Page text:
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Rhinoceros Beetle threaten productions  

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CONTINUOUS attack by Coconut Rhinoceros Beetles (CRB) will have an adverse impact on the oil palm and coconut productions of Solomon Islands.

Hundreds of coconut and oil palm trees in the country have already been killed by CRB attacks which are very serious, according to Bob Macfarlane the Coordinator of the CRB programme in the country.

The beetle from report has already spread along the north coast of Guadalcanal and has invaded north Malaita, Savo and Ngella.

“Currently the worst effects can be seen around Honiara but if the beetle gets to village coconut plantations, the impacts on copra production and village nutrition will be huge.”

Last week, the New Zealand aid project “Improving Management of Coconut Rhinoceros Beetle (CRB) in Solomon Islands and PNG” led by AgResearch, New Zealand, held a meeting in Honiara to plan the next phases of their programme.

The meeting was attended by senior personnel from the Ministry of Agriculture and Livestock, GPPOL and the Solomon Islands Coconut Industry Working Group, the beetle disease and pest management experts from AgResearch, PNGOPRA, SPC, the University of Queensland and NGOs.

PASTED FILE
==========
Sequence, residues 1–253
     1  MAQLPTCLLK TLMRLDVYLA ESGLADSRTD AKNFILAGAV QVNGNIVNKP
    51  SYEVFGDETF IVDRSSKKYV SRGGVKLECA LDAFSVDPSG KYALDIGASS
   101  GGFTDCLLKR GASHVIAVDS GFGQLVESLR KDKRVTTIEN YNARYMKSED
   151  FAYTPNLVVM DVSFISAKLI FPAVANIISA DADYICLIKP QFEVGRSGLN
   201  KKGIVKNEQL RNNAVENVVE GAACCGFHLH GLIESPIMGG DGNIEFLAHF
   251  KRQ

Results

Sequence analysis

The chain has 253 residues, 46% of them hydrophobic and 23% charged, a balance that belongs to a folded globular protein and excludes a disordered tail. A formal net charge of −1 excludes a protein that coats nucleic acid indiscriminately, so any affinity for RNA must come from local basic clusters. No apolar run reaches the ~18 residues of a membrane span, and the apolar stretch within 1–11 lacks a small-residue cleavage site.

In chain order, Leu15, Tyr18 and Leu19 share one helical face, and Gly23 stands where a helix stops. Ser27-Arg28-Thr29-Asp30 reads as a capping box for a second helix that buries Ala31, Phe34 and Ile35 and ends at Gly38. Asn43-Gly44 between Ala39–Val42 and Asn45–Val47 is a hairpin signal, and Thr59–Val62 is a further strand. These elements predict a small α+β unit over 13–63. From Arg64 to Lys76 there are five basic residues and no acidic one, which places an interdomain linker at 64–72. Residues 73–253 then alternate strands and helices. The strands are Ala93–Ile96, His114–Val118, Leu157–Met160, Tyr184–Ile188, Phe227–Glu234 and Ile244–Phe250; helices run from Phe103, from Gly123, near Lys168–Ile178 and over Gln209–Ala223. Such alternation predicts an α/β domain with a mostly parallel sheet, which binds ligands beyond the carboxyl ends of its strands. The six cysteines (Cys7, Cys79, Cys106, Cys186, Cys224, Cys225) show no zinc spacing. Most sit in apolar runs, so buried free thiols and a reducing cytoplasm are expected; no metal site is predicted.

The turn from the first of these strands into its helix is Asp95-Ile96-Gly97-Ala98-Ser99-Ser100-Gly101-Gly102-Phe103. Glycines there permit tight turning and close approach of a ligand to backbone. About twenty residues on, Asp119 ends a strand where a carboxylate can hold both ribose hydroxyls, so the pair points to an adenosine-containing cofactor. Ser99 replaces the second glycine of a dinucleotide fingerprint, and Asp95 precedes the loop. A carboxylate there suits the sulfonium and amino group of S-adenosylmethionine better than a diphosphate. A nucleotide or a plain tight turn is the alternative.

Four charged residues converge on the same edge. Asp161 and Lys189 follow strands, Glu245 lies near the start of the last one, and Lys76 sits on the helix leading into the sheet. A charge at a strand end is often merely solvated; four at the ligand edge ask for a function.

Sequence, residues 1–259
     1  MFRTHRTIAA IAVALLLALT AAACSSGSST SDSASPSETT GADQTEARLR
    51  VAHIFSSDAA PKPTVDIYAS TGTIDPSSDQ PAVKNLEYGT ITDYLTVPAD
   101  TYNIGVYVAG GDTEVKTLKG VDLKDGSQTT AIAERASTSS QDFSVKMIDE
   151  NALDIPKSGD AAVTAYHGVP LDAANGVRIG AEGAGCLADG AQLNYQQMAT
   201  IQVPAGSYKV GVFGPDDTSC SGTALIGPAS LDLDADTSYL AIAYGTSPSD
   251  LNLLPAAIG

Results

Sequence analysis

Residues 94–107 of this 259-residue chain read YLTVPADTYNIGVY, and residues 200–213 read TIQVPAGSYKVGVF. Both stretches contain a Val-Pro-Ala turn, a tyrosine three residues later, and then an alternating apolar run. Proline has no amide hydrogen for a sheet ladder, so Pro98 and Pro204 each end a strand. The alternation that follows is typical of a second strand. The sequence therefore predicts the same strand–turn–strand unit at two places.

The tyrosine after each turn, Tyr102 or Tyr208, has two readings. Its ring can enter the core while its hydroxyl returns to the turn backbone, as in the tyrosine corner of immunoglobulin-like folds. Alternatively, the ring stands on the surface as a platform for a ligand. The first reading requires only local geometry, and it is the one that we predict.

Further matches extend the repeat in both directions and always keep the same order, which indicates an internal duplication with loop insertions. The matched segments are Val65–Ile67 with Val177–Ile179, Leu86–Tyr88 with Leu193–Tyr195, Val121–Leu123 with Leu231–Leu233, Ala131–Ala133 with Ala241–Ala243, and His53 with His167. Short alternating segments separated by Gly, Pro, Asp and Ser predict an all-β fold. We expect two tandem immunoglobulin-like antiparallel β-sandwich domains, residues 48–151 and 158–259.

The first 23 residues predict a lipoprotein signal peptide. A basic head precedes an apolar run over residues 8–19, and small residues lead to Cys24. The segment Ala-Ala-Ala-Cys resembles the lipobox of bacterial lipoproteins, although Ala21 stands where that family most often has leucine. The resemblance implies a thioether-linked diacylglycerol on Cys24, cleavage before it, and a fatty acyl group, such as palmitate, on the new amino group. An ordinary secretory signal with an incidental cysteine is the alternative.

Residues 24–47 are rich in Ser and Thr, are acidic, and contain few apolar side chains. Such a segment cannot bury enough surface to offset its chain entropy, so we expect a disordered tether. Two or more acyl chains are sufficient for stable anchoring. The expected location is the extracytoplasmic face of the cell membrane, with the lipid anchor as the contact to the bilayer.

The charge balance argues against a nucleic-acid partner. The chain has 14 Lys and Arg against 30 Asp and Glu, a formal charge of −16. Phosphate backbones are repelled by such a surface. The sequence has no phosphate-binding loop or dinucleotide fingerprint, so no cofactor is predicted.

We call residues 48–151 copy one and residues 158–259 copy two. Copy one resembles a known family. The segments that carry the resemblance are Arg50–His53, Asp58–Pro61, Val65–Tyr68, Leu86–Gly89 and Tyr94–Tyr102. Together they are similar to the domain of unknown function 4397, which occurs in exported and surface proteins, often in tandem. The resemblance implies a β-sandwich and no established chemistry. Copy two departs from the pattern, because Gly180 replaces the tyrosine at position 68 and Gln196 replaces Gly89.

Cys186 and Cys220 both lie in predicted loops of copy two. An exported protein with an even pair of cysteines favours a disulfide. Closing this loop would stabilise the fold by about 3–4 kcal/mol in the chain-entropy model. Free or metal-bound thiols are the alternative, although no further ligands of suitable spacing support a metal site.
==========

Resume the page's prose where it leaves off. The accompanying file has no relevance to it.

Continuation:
The meeting agreed that the priorities are to limit the spread of the beetle, bring the current damage under control and look for a long term biological solution to control the pest.

“Plans for a long-term solution to develop control techniques using new insect diseases are well advanced but the meeting identified two large gaps needing a rapid and thorough response.

“In particular if Solomon Islands is to avoid a huge disaster, immediate action is needed to raise awareness throughout the country about the seriousness of the threat and ways to slow its spread. Also, to work with communities to eliminate breeding sites and control the pest in areas already invaded,” Macfarlane reports.

Both these tasks are outside the capacity of the current Government or Provincial staff and finances as it was agreed that emergency funding based on new action plans is urgently needed to get the activities implemented quickly on the scale needed.

“The meeting also recognised that regional action is required to safeguard other countries from this new pest and that SPC is the logical organisation to lead this initiative.

“At the end, the meeting held a de-brief session with potential donors and the media and recommended that MAL and Solomon Islands Government approach relevant donors for urgent support.”

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